In the last few years, musician Alex Mills has featured on records from some of the biggest dance music artists, including Basement Jaxx, Hot Since 82, Camelphat, Sonny Fodera and Lee Foss. She has solidified herself as a standout artist and writer in the electronic music world, leading her to be coined the ‘producers choice’ of vocalist by the world’s biggest dance music publication, Mixmag.

In 2021, Alex was the face of Amazon’s ‘Sound of Modern House Music’ playlist with her single ‘Want You To Want Me’ across billboards from Euston to Leicester Square. She also landed the much-coveted spot as Annie Mac’s Hottest Record In The World on BBC Radio 1 with her collaboration with GotSome ‘Shout It Back’.

What was it that first got you into music, did you always see yourself writing dance music tracks?I have always been in to music. Its my best pal and has always been there so I wouldn’t be able to tell you where it all started, we have just always hung out. In terms of writing dance music my sister and I used to hang out with older kids in our early teens and were exposed to lots of house and rave music. She learned how to DJ and became really great at it and I would freestyle over her sets. She is a real hustler so early on wrangled gigs all over the world and would take me with her to freestyle. We have toured china and played across Europe. The freestyling helped the melody crafting for sure.

You’re originally from Leeds – has moving and living in London impacted your music career/creativity as a whole?

Moving to London was single best decisions I made. I adore Leeds and go back when I can but think anyone who stays in the same place they grew up can easily fall victim to not pushing for new adventures because comfort is on your doorstep. There really wasn’t much in the way of opportunity there back then either. Not to say it lacked inspiration. Leeds to me is what gave me my heart and foundation in house and dance music.

The culture and love for house there is incomparable to anywhere in the world to me. I was a regular at back 2 basics as a young buck too which I believe (or so I’m told) is one of the longest running house nights in Europe.

You’ve worked with the likes of Basement Jaxx, Hot Since 82, Sonny Fodera – all massive names in the electronic dance music world. Who would you most like to collaborate with?

I’d love to collaborate with Todd Edwards, Steve Silk Hurley and MK. I’ve been obsessed with Todd since forever and if music is a religion then, to me, he would be the second coming. I remember hearing ‘Burning’ for the first time and my friend had the only tape of it. We used to rewind it and play it over and over again.

He wouldn’t let anyone copy it so one day when everyone was mashup I just stuck a blank tape in the other deck and hit record. That was a punchable offense back then but it was a risk I was willing to take because I loved MK and the track so much.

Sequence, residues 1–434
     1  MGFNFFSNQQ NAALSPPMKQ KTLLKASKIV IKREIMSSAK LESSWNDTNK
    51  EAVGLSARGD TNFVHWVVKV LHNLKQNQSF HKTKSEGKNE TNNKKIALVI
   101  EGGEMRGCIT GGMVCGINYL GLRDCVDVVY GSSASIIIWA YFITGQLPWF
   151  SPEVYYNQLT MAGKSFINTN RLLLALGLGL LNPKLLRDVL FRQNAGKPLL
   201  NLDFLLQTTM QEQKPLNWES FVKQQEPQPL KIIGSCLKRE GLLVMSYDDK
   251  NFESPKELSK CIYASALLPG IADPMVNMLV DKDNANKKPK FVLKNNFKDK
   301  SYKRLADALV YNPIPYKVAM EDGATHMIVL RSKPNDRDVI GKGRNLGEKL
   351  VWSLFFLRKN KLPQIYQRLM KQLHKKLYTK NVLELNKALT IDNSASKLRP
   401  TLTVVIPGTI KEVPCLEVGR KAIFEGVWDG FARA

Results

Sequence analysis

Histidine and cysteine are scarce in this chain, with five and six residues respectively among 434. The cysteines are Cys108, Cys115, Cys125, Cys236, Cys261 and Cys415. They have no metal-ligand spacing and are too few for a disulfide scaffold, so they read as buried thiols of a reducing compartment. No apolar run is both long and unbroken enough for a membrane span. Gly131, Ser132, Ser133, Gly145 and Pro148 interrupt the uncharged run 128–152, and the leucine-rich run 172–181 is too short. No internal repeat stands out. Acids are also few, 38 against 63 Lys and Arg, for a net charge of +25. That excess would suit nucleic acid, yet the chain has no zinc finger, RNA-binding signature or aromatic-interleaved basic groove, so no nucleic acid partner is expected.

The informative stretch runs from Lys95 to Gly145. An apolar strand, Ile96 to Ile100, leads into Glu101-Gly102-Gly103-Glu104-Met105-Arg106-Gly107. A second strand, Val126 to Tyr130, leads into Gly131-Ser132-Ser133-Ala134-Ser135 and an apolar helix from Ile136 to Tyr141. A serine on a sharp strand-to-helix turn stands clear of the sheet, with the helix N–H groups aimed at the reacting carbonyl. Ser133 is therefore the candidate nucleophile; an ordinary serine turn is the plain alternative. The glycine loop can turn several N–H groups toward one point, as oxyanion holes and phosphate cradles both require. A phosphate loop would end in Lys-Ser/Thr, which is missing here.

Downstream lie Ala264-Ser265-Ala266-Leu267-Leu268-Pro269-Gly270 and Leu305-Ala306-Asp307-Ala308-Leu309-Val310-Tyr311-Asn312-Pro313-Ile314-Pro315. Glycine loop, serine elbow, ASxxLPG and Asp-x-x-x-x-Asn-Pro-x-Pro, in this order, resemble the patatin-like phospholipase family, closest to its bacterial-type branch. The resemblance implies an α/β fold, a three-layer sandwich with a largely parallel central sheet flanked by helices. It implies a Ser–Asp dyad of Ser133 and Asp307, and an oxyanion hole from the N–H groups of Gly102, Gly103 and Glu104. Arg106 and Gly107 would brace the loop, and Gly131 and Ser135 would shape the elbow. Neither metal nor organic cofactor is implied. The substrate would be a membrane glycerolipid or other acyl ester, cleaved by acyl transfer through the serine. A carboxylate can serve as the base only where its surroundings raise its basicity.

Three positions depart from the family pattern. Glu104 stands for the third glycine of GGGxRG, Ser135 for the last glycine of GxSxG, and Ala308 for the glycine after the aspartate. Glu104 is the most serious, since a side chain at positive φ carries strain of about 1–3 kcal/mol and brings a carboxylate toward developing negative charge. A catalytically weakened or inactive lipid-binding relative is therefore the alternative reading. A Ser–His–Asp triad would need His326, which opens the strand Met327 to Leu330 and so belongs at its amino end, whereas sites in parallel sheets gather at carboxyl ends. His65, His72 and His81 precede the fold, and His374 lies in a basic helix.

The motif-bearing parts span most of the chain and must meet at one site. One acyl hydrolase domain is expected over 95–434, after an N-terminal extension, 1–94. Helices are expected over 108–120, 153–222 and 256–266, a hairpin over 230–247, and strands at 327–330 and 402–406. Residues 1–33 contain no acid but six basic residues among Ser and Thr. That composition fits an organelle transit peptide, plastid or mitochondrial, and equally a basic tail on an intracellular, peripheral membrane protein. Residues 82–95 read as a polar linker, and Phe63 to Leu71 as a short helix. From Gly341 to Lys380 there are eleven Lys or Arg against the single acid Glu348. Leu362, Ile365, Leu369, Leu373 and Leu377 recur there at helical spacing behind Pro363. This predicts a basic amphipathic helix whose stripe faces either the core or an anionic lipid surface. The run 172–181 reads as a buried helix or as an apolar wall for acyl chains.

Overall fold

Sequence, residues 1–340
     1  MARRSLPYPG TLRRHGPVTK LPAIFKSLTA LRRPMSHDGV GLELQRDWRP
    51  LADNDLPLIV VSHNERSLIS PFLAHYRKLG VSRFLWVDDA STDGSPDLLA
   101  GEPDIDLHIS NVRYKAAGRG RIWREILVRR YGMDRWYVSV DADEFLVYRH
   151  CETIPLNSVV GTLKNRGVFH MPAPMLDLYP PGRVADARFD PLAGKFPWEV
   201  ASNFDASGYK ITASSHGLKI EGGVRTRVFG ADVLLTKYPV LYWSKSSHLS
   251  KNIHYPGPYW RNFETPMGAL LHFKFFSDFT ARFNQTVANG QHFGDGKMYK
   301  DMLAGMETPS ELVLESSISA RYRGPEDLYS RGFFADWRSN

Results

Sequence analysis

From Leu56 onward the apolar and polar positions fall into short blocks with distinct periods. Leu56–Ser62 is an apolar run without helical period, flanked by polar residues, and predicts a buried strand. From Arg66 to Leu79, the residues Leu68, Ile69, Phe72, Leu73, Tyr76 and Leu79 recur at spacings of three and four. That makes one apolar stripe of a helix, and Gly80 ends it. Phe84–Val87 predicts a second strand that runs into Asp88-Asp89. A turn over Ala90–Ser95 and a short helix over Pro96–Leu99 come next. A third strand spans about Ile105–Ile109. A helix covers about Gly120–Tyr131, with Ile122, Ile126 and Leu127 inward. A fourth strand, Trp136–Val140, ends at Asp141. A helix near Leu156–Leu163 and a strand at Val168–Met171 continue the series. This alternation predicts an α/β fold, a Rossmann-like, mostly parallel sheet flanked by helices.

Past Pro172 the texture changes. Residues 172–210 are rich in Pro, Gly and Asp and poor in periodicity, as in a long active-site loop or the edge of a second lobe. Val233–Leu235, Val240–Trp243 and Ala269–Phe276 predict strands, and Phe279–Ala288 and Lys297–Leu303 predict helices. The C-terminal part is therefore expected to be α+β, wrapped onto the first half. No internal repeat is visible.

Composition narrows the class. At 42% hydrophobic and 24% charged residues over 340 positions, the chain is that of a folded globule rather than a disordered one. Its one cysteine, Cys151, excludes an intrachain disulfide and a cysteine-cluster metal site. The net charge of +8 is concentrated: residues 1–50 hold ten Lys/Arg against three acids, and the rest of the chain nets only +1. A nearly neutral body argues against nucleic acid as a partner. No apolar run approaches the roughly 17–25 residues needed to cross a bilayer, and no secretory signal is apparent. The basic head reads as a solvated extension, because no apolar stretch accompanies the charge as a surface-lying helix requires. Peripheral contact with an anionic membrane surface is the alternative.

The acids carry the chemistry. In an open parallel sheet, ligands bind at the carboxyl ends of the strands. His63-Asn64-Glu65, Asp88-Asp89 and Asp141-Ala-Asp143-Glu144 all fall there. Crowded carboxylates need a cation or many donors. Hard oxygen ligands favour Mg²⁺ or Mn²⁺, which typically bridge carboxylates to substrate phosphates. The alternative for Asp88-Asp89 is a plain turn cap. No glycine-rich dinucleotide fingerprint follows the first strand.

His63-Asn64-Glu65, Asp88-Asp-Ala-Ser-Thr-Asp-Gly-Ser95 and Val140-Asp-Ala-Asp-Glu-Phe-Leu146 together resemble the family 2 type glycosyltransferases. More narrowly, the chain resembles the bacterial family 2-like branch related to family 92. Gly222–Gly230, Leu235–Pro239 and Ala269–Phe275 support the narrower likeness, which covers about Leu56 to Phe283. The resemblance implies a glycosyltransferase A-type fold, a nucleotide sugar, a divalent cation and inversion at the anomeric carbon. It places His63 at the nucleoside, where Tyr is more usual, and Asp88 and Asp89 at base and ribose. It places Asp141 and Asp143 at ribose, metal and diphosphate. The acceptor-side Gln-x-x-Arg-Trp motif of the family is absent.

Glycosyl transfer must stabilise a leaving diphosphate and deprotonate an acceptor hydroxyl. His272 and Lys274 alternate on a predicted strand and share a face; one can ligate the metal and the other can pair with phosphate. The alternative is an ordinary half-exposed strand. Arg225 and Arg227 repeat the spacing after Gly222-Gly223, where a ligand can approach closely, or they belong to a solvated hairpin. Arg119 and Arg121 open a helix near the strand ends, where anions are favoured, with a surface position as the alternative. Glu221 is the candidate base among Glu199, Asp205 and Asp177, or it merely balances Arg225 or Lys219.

You’ve described the song as having a dark and dirty bassline – could you describe your creative process?

In terms of the process I had been writing with a pal of mine for a while and we were just fleshing out ideas. I had been toying with the concept and melody before the session but once we hit upon the groove the track pretty much wrote itself.

What would a typical day in your London life be?

I don’t tend to have typical days anymore. I always seem to be doing different stuff at the moment which is a stark contrast to lockdown. Wearing a few different hats requires different disciplines so some days ill be writing, some days ill be thinking of concepts for videos, prepping for shows, finding new music to play, sourcing outfits for shoots and pa’s, traveling for writing camps so it’s all pretty varied which is great and keeps things fresh. It can sometimes make it hard to stick to routines but I’m finding ways to navigate and evolve with the changes.

Your recent track ‘Worst Enemy’ got ‘Hottest Record In The World’ on BBC Radio 1 Dance Anthems. A huge milestone. What has been your favourite track that you’ve put out?

I love all the tracks I have put out but for different reasons. When musicians say they are like their babies, it’s true. You work on an idea for so long and put it out to sea hoping it will connect with people. I’ve stopped worrying so much about what people think of the music and just want to put out stuff that I love and am proud of. As long as I have the opportunity to do that I won’t release anything that I think is mediocre. If I do it, it’s because I love it.

You stated that the track ‘Worst Enemy’ is about realising you can either be your strongest champion or your biggest sabatour, how have you coped with maintaining your mental health through your come up in the dance music scene?

I’m still learning how to maintain it. I can get overwhelmed sometimes and realise I’m putting too much in my diary. Setting boundaries and not being scared to say no is important but that’s also something I can find difficult at times as I’m sure we all can. Taking time out with friends and family and exercise is definitely helpful. Having a couple of days in my own company is also very important. I think I’m an extraverted introvert so need time to recharge.

 Since being in London, what’s your best spots to go to in your spare time?

Depends what for. For drinks and vibes, I love The Pink Chihuahua in Soho. It’s a tequila bar near The Box and plays the best music. I love the British museum and sometimes go down there with friends. I never get bored of the Persian and Egyptian sections and could spend all day there. Hackney marshes on a hot day and Madame Pigg for the best Sunday roast in London.